Shortages of medical supplies are still hurting the U.S. response to COVID-19 nearly six months into the pandemic, according to a report released Sept. 21 from the Government Accountability Office.
The report said that states are still facing shortages of personal protective equipment and testing supplies because of high demand and limited production of those items in the U.S.
Supply shortages persist despite “numerous, significant efforts” from the federal government, according to the GAO.
“Delays in processing test results have multiple serious consequences, including delays in isolating those who test positive and tracing their contacts in a timely manner, which can in turn exacerbate outbreaks by allowing the virus to spread undetected,” the report says.
State officials told the GAO that they are still struggling to get answers from the federal government on supply requests, The Hill reported.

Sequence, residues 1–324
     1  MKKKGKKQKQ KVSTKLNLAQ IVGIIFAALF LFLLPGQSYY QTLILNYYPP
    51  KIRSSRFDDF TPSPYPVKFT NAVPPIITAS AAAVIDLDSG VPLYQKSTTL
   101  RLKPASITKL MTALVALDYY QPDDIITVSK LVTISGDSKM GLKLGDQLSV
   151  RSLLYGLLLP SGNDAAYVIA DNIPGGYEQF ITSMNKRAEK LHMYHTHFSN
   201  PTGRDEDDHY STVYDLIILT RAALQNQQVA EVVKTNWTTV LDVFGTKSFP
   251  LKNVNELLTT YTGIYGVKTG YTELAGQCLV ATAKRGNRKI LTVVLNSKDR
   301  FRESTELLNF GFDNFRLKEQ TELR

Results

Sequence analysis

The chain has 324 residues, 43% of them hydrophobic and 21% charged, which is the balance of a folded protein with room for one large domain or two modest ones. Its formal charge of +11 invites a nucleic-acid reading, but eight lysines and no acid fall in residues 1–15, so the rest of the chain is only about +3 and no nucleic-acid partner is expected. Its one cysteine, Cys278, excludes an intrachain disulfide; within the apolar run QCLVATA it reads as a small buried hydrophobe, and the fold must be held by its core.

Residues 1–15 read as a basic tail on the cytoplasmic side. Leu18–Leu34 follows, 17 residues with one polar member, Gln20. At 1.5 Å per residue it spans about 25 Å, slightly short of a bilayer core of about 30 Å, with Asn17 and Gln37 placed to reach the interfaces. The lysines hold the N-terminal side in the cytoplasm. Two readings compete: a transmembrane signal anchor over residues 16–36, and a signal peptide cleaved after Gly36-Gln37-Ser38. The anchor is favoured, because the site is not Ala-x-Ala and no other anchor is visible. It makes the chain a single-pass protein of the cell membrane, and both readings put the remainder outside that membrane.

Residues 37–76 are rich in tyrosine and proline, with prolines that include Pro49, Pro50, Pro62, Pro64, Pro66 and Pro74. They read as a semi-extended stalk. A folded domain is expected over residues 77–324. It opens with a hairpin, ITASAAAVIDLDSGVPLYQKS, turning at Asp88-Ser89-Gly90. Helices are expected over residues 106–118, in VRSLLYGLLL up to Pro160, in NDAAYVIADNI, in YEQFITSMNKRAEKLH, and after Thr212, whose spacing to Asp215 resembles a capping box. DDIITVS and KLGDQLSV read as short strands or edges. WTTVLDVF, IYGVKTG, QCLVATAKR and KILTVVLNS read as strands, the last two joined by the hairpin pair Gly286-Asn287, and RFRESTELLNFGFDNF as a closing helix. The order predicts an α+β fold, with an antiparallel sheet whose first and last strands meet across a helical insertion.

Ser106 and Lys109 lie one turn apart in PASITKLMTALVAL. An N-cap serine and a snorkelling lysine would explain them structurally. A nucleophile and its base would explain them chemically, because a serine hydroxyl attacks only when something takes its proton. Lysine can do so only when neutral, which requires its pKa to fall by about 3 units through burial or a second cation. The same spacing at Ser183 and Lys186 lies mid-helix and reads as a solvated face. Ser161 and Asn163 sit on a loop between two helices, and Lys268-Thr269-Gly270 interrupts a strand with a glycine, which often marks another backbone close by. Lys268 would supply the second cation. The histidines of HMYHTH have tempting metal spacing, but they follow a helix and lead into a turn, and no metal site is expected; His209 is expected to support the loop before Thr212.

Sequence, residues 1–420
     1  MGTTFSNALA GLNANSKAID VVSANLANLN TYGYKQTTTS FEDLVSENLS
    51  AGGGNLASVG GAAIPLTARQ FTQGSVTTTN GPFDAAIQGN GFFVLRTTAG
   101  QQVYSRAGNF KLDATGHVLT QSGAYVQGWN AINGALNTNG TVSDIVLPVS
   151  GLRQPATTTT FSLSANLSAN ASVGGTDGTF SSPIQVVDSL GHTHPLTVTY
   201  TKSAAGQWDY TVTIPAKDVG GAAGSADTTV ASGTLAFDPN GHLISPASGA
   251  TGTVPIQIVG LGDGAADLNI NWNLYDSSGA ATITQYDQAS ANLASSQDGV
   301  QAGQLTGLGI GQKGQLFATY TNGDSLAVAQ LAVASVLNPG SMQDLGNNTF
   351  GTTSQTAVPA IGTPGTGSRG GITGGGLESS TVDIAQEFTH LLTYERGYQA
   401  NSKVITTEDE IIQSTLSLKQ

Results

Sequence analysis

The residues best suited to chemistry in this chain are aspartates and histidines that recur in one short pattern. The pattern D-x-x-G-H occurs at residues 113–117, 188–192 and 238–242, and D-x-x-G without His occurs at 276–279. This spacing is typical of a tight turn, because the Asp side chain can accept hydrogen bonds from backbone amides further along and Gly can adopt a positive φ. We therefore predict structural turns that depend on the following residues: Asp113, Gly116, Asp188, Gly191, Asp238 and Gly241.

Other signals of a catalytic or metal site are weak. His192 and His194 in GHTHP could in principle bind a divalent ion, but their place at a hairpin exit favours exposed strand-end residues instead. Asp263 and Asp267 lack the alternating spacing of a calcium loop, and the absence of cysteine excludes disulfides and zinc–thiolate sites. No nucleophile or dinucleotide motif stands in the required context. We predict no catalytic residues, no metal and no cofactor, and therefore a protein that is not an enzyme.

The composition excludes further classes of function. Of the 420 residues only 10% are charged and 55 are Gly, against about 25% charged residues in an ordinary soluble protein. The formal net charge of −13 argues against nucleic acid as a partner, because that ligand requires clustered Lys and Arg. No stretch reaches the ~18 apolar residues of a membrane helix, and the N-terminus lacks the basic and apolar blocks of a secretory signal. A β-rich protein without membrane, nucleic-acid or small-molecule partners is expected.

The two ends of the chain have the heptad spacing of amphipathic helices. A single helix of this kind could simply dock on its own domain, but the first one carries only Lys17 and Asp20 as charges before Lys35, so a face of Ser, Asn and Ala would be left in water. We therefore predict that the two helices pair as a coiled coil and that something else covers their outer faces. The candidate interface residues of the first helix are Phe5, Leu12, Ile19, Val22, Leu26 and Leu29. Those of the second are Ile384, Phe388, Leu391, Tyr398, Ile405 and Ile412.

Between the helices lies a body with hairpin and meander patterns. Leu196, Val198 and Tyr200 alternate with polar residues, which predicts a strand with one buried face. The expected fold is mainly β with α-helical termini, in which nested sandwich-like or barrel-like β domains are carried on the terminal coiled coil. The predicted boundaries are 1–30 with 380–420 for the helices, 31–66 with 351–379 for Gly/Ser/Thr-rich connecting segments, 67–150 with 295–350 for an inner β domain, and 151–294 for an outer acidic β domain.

The GAO recommended that HHS and the Federal Emergency Management Agency outline how the government will ease supply shortages and send those plans to state governments. The agencies could also help states track the status of supply requests from the federal government, the report said.
The report also recommended the CDC collect better data about COVID-19 cases and deaths by race and ethnicity and stated that publicly available data is incomplete.
HHS said the report was “incorrect,” but agreed with the recommendation for the CDC to collect better data.
“Unfortunately, your report and recommendations prioritize anonymous anecdotes about minor and temporary coordination issues over a fair assessment of the federal government’s historic achievements in increasing supply availability and executing the logistics required to fill identified supply chain gaps,” Sarah Arbes, HHS assistant secretary for legislation said, according to The Hill.
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